Overzealous CRM

A colleague of mine had a recent example of what I term “overzealous CRM”. He was surfing a website and had logged in to his account with a view to purchasing some technical equipment when a phone call interrupted his purchase.  Finishing the call, he was distracted onto other things until a second call interrupted him. It was a salesperson from the website company asking whether he was having problems with their checkout process as they had noticed he had logged on to his account and had stopped half-way though a purchase.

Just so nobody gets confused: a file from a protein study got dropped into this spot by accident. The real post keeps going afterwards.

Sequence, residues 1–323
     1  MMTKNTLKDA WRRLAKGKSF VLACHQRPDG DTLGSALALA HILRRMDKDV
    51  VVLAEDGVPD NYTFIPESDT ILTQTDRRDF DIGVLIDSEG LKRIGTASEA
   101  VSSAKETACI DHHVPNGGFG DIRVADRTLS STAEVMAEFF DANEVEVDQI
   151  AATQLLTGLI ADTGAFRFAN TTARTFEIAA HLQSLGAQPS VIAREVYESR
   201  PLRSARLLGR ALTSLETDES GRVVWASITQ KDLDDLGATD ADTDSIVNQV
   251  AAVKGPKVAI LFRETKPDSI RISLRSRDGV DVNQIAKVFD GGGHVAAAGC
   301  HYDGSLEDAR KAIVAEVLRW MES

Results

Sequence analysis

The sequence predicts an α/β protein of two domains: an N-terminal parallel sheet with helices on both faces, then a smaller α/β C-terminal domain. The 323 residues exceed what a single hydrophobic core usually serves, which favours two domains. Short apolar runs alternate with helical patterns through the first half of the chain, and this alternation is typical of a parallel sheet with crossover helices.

Presumably the marketing department at this website thought this phone call was, in terms of Kano analysis, a “delighter”. Rather than be delighted with this “customer service”, my colleague found it off-putting, to say the least. Outside the CRM area, an interesting recent analogy is that  Google Streetview. Many applauded the neat software but others had privacy concerns.

So; if one person’s delighter can be another person’s annoyance – how do you play it? I think the way is to recognise that boundaries exist – the boundary where a potentially-useful feature encroaches into other areas, for example, into one’s personal physical space, using the example of Google Streetview. I think of the boundary as a sort of reverse HCI where the “stakeholders” have not been consulted. An interaction in this area needs extra awareness; just because you can do something doesn’t mean you should. Occasionally it can work spectacularly well but, as we have seen, it often can backfire.